Manufacturing AUTOMATION

What makes smart cameras an ideal solution for machine vision and inspection?

June 7, 2013
By Ben Dawson

Smart cameras combine a digital camera, processing, software, and communications in one small package.

These cameras move vision processing into the camera and return results rather than—or in addition to—images. They are an excellent choice for a machine vision system to do tasks such as gaging or visually detecting part defects.

Smart cameras continue to become faster, smaller, and easier to integrate. Their software continues to improve and expands the smart camera’s applicability beyond manufacturing quality control.

It’s the software
Both PC-based machine vision systems and smart cameras require programming because they are general-purpose tools. If the programming takes too much time, the need and money for a machine vision project evaporates. Easy-to-use software is therefore required for rapid and successful development of a machine vision application.


Modern machine vision software allows you to program your vision application graphically—point-and-click to select a tool, such as a caliper, and then position that tool on the part to be measured. There is no programming in the usual sense. Vision operations are presented in familiar terms, rather than the terms of machine vision algorithms. For example, the caliper tool is presented as if it was a mechanical gage so there is no need to understand sub-pixel edge detection algorithms.

New smart cameras are designed to be servers on an Ethernet network and have no way to display images themselves. Instead, images are sent over the Ethernet to a client PC. Here a technician can set up and program the smart camera from the client PC and then log off of the smart camera and let it run independently. Results are reported over Ethernet using standard industrial protocols or via digital input/output lines from the camera. One client PC can manage many smart cameras.

Replacing human vision with machine vision
Replacing human vision with machine vision can reduce costs and improve product quality on tasks that are fast, precise or repetitive.
Machine vision systems have three general capabilities:

• Location or search finds the position of parts and guides automated assembly
• Identification of parts, perhaps by shape or an optical code (e.g. a bar code)
• Inspection checks for specific defects, such as the wrong part dimensions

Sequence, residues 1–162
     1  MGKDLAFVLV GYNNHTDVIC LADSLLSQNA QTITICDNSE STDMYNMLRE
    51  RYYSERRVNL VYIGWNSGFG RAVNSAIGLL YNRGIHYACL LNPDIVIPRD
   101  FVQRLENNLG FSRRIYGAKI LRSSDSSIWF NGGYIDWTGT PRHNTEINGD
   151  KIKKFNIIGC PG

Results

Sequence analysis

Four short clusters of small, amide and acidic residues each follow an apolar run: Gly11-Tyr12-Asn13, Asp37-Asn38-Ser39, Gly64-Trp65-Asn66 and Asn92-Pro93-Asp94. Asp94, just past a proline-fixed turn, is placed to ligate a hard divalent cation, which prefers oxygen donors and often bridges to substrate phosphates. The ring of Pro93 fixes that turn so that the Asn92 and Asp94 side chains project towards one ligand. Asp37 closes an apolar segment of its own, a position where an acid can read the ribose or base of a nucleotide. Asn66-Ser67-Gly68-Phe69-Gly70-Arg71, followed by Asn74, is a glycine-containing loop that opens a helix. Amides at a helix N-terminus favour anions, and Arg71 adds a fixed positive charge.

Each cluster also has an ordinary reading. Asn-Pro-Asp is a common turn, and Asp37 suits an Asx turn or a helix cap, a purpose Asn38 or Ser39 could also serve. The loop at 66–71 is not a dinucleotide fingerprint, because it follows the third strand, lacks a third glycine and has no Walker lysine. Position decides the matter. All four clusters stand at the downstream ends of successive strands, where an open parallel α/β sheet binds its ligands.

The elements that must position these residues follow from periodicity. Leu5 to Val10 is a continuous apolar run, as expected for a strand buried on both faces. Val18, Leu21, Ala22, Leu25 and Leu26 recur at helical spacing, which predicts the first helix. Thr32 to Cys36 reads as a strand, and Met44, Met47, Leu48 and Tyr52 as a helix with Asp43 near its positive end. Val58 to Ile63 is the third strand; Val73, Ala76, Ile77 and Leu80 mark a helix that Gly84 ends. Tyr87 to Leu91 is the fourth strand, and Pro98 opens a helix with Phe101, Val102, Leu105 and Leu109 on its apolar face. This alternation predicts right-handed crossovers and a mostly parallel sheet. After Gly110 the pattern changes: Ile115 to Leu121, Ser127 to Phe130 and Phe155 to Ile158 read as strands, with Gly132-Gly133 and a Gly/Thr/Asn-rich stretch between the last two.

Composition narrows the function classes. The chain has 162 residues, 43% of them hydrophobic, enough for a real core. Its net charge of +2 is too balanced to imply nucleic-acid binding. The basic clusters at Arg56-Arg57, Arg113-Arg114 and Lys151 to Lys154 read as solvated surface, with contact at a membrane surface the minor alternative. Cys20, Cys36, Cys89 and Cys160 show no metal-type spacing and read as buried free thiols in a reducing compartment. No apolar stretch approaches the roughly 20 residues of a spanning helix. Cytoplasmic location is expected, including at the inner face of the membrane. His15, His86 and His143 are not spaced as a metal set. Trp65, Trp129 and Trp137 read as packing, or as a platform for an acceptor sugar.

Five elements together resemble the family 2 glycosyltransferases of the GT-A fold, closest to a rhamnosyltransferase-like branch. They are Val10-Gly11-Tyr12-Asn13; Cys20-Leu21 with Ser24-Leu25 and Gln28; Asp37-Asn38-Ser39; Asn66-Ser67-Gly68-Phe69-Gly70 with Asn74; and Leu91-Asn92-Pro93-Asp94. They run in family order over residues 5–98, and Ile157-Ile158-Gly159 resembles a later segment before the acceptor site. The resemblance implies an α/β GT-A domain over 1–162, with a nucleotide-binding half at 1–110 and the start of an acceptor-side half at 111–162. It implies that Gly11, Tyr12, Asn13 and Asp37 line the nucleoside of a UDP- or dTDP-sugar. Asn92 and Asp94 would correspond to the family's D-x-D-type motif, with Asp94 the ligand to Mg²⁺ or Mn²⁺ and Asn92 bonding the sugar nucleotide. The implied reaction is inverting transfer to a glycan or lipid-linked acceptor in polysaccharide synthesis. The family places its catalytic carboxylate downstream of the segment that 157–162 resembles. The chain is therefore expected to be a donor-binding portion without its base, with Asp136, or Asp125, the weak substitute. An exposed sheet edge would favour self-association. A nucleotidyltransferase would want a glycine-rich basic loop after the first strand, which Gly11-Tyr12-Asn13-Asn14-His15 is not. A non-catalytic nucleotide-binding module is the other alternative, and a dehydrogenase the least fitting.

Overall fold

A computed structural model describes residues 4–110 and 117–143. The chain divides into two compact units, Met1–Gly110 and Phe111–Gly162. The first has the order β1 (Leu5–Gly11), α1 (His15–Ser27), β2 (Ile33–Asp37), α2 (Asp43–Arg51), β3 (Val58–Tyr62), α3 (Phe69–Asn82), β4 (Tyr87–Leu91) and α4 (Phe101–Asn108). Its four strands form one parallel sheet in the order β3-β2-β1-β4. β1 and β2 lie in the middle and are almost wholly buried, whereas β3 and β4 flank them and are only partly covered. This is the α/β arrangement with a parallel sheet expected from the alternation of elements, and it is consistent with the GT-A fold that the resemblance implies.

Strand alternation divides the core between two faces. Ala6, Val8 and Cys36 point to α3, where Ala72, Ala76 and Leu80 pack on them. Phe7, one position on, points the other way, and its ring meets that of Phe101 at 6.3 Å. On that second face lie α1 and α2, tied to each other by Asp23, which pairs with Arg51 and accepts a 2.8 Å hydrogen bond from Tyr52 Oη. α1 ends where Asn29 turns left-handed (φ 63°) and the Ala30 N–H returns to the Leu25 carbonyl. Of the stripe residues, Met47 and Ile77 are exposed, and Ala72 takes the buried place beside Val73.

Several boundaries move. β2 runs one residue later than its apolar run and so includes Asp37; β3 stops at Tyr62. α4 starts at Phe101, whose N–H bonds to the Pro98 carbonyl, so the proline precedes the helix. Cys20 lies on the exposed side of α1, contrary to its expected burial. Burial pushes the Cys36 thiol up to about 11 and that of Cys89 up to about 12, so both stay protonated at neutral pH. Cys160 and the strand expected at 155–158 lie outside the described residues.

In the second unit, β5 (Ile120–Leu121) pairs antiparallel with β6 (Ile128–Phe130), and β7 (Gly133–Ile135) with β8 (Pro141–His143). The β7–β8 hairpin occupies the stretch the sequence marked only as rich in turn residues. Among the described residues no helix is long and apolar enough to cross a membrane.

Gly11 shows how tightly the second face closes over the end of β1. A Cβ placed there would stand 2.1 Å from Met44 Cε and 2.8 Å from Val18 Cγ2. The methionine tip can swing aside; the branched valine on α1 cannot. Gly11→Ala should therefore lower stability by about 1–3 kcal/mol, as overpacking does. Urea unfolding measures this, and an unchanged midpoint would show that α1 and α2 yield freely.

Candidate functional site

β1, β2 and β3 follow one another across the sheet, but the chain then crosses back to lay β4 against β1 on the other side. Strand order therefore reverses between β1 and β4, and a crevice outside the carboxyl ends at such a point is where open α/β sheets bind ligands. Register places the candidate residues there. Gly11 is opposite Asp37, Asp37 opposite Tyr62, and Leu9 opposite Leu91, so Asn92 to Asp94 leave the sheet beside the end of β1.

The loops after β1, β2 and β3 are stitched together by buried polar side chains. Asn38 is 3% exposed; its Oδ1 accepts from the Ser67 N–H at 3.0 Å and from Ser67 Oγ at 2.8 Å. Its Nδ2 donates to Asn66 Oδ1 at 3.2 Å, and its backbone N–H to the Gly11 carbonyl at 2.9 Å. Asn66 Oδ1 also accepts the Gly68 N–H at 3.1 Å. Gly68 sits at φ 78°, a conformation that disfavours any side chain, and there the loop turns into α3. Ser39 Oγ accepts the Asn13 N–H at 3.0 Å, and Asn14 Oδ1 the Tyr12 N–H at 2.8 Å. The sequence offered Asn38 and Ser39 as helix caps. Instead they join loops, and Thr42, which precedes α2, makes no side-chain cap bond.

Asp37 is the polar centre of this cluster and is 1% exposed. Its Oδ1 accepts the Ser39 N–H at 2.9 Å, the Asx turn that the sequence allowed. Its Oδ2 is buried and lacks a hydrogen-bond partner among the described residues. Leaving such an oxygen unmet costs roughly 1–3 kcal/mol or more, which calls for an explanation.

First, ask if your task can cost-effectively be done by machine vision. Tasks where you cannot control part dimensions, presentation, or lighting are difficult to automate. For example, currently it is more cost-effective to use people to pick and pack strawberries than machine vision.

Next, work with your machine vision vendor and/or systems integrator to define what the machine vision system needs to do. For example, specify acceptable part variation and how part defects appear in an image. Experimentation with machine vision system components including lighting, part position, optics, and vision algorithms, is necessary for this definition.

Is a smart camera appropriate?
Then ask what kind of machine vision system is appropriate. Of course the system must have sufficient resolution, repeatability and precision, must be fast enough, and be within budget.  Less obvious is the need for an easy-to-use interface to the machine vision algorithms that compute measurements from digital images of the parts.

Many machine vision tasks can be done with a “smart camera.” A smart camera packages lens, camera, processing (CPUs and software), communications, and sometimes lighting into a small, rugged package.

A conveyer presents cards with pills in the camera’s field of view. Diffuse lighting allows the camera to “see” through the plastic packaging so it can locate each pill, identify incorrect pills, and inspect pills for cracks or other damage. The BOA communicates with a PLC (programmable logic controller) to reject assemblies with incorrect or damaged pills. The camera is a “server” on an Ethernet, and so is programmed by another “client” machine on the same network. Results are also displayed on the client machine.

When to use a smart camera:
• When size, cost, and /or power are issues
• Moderate pieces per minute
• Moderate computation
• When easy to use software is included

Smart camera tech tips:
• Smart cameras are appropriate for the many machine vision tasks that require two- or three-dimensional imaging and have moderate computation and speed requirements.
• Easy-to-use software is required for rapid and successful development of a machine vision application.
• The convergence of smart mobile devices and machine vision allows small, fast and inexpensive machine vision systems that are perfect for many machine vision tasks.

Ben Dawson is director of strategic development for Teledyne DALSA’s Industrial Products Division, overseeing algorithm and product development. A former research scientist at the Massachusetts Institute of Technology (MIT), he has authored more than 60 scientific and technical papers on the subject of human and machine vision. Dawson earned his MSEE and Ph.D. degrees from Stanford University. For more information, visit

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